Bengaluru: As the global pandemic gripped the country in early March followed by countrywide lockdown announced by the Government of India, several migrant workers, poor families, and daily wage earners’ survival was put in question. Several organizations and volunteers across the country came forward and volunteered in helping these sections of the society survive the pandemic.

Rotary Club also came forward and rendered services with the help of its volunteers and distributed over 80,000 food kits to the needy families and migrant workers.

One among such many volunteers was Mohammed Tasleel from Mangaluru, who rendered his services to the affected people in and around Bengaluru. A Rotarian himself, Tasleel led a team of Rotary volunteers and has so far distributed over 80,000 meals to hospitals, COVID-patients, migrant workers, daily wagers, families in sealed down zones in and around the city.

The team has also given away over 10,000 masks, 5000 bottles of sanitizers, face shields, essential items like milk, and vegetable kits to over 16,000 families.

Speaking to Vartha Bharati, Tasleel added that the team of volunteers also distributed more than 400 grocery kits to physically challenged and to the needy families across Bengaluru.

When the second phase of the lockdown began, the team took it upon themselves to help the poor migrant workers struggling to go to their native, to be fed. The team set up its stations at Railway Stations and Bus stop from where these migrants would take buses after registration. The team distributed food kits, snacks, milk, water, and juices to over 36,000 migrant workers and their families to make their journey comfortable.

Tasleel, a resident of Bejai in Mangaluru and son of Halengady Abdul Rahim, moved to Bengaluru 18 years ago in 2002 and has been working as an Interior Designer in the city ever since. He joined Rotary Club in 2016-17 and has since been an active worker of the organization.

Taking note of his relentless services during the time of COVID-19 pandemic, the organization bestowed him with the prestigious Annual McIver Award in the category of Community Service Avenue. He was also recently elected as the President of Bengaluru Rotary Manyata.

Under Tasleel’s guidance, the team has also supplied vegetables on a daily basis to the inmates and fodder to 40-50 cows every day at Goshala of ISKON temple. ISKON also wrote to laud the noble gesture by Tasleel and his team and appreciated their work.

In April, the Bangalore Medical College and Research Institute also lauded the efforts of Tasleel for donating food packets for the relief of people affected by the pandemic and the health workers at Victoria Hospital in the city and wrote an appreciation letter to Tasleel and his team.

Apart from Rotary, Tasleel also is an active member of the Bearys Association Bengaluru, Al Madina Association in Bengaluru, and others.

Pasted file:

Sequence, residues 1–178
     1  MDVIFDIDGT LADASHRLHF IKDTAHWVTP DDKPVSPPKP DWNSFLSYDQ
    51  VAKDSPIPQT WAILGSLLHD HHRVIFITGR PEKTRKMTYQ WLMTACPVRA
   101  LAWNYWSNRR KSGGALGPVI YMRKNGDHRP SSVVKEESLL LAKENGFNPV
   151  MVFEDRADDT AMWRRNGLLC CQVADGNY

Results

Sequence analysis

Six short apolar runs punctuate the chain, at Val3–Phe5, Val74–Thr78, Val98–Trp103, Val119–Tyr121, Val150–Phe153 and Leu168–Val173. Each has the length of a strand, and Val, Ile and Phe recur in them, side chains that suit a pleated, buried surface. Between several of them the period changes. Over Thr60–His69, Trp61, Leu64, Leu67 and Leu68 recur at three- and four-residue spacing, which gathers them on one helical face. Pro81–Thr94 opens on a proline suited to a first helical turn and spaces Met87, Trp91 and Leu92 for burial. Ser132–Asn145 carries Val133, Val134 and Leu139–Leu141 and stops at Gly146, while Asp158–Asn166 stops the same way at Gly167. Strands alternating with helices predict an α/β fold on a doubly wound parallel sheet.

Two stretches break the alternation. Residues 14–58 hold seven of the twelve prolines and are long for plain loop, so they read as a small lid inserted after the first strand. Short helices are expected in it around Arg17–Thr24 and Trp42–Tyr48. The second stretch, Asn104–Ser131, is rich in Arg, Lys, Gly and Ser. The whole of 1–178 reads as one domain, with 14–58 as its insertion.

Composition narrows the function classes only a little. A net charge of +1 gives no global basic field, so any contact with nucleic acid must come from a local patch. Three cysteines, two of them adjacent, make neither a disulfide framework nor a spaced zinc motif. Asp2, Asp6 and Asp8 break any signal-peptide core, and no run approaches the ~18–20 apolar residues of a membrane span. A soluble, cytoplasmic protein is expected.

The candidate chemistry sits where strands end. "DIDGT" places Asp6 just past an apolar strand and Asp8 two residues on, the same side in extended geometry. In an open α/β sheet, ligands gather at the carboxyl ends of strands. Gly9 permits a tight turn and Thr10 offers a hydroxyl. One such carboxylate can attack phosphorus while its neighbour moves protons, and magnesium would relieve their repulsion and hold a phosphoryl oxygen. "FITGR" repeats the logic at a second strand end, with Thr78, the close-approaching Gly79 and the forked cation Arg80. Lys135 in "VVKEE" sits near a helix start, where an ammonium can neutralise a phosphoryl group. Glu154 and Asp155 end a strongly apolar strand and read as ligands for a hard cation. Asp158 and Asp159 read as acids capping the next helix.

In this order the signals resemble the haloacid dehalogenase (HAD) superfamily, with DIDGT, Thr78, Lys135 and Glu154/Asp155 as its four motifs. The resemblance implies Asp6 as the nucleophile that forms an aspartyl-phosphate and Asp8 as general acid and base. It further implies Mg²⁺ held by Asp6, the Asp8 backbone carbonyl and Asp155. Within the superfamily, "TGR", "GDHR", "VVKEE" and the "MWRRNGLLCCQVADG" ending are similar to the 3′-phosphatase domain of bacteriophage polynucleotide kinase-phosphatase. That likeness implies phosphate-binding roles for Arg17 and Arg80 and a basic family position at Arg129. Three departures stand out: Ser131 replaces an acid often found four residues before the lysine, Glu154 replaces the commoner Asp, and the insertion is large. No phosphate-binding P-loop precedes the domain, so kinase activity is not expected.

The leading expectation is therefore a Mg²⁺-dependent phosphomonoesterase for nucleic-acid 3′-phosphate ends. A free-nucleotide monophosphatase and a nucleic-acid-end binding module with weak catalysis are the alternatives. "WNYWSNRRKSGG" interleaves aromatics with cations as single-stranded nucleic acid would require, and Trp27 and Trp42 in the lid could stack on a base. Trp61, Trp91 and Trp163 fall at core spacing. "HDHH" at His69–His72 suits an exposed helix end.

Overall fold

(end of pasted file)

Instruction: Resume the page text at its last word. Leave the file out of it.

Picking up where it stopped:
On July 15, the Rotary Manyata team led by Tasleel also launched another program wherein it will provide Oxygen Concentrators and Cylinder Support services for the needy people, free of cost. The new service was launched by DCP Dr. Beemashankar Guled at Primary Health Center, Hegdenagar in the city.

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Southampton: Pakistan slumped to 126-5 before a third stoppage for rain led to an end to play on the first day of the second test against England at the Rose Bowl on Thursday.

Abid Ali struck 60 after being dropped twice early in his 111-ball innings and was comfortably Pakistan's top scorer on a tough day for the tourists in changing weather.

Jimmy Anderson was retained for the match, despite struggling in England's three-wicket win in the first test in Manchester last week, and the paceman repaid that faith by removing Shan Masood (1) in the third over and captain Azhar Ali (20) after lunch. It gave England's record wicket-taker figures of 2-35 and he is up to 592 in tests.

After the toss won by Pakistan was made under sunny skies, Pakistan began batting in overcast conditions and a shower brought up an early lunch. More rain came midway through the second session, which the tourists finished on 85-2.

And only about an hour was possible after tea, when Pakistan lost three wickets including Abid, who edged recalled seamer Sam Curran to Rory Burns at second slip.

Burns had been the second slip fielder to drop Abid before lunch, the right-handed opener having already been given a life on 0 by Dom Sibley's drop diving to his left at third slip.

As with Burns, Sibley made amends by taking a smart catch low down to remove Asad Shafiq (5) to give Stuart Broad his first wicket.

That brought Fawad Alam to the crease for his first test innings in 11 years after being recalled and it last four balls, when the left-hander was trapped lbw by Chris Woakes for a duck. A not-out decision was given but England reviewed and Hawk-Eye showed the ball was hitting the top of middle stump.

Babar Azam was 25 not out when bad light eventually led to stumps being called. Mohammad Rizwan was on 4.

Pakistan trails 1-0 in the three-match series. Another victory for England will clinch a first test series against Pakistan in 10 years, and a second series of this pandemic-affected summer having already beaten the West Indies.